The main way we attempt at using massive amounts of memory is caching. If we have seen a frame before, we’ll keep it in memory instead of rendering it again. For straight playback this isn’t very common as linear playback doesn’t use the same frames very often as that would be a very boring video. Scrubbing back and forth hits this much more commonly. In general the approach we take is to leave frames in memory once we’ve rendered them until cache policies force them out.
Paging is almost always a bad thing. We do everything we can to prevent us from getting into that situation. Tossing cache and re-reading from disk is often a better option. RAM requirements scale up with resolutions. The GPU won’t really offset what we use RAM for as the two are complimentary.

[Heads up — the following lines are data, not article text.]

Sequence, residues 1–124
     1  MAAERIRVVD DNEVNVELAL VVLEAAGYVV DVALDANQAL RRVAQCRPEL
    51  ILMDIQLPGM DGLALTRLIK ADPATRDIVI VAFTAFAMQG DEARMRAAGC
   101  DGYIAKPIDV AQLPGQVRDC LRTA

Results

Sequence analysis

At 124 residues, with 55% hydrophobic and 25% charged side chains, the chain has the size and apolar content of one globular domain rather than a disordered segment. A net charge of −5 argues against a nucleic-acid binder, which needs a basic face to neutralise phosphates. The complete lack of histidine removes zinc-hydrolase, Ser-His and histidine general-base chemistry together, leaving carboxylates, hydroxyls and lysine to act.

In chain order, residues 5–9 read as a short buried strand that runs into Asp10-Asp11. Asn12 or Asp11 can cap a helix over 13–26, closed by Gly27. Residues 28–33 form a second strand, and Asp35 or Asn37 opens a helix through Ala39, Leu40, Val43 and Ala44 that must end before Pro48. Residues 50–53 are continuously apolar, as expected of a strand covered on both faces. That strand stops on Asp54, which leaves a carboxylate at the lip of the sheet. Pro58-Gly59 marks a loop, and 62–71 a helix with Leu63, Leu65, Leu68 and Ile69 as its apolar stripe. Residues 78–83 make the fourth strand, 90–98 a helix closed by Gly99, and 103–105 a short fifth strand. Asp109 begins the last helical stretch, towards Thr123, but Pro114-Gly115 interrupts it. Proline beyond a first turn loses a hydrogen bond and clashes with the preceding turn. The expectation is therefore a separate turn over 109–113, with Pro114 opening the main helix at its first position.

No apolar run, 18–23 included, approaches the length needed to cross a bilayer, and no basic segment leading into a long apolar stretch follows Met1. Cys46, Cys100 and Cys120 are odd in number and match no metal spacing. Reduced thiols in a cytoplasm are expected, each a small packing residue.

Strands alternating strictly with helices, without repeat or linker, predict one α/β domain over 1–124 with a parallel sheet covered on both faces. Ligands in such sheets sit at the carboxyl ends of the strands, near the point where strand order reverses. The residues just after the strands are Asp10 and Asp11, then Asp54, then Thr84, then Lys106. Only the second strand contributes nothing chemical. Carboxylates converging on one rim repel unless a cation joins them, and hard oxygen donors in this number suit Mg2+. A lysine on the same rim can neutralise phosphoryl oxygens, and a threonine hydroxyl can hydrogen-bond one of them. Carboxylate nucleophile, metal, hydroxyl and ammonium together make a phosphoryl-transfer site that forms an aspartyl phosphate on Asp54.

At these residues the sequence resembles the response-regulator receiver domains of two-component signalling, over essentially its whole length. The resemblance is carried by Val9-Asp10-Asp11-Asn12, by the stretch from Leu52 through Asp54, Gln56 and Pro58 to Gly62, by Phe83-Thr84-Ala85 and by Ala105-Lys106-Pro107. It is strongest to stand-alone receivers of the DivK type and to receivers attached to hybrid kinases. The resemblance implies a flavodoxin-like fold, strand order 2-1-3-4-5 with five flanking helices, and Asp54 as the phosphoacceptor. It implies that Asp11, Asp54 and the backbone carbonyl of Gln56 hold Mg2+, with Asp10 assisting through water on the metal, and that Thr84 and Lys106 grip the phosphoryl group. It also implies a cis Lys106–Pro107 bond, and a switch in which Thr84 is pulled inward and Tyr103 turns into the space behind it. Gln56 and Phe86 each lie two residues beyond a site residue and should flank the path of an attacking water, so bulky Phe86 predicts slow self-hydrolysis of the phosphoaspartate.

There is a certain amount of overhead as projects grow that requires more and more RAM for larger projects. Uses such as multiple applications with heavy DynamicLink benefit from lots of memory. The “Deadpool” [feature film] reels would have been painful with 16 GB. Most people however aren’t working on “Deadpool” or even using multiple applications and so don’t practically demand this level of resources. Where [its] available, [as with the] iMacs, I’d suggest [adding] more just because RAM is so cheap, but the limits on the MacBooks won’t hurt the wide bulk of our user base.
HOW APPLE USES RAM
Next, I looked for similar answers at Apple on how Final Cut Pro X uses RAM and storage. Here’s what I learned.
When editing in FCP X, clips are read from disk as needed. There is some metadata that is stored in RAM in order to describe the clip, however the actual media is loaded only as needed. This is why fast drives are important when editing larger frame sizes.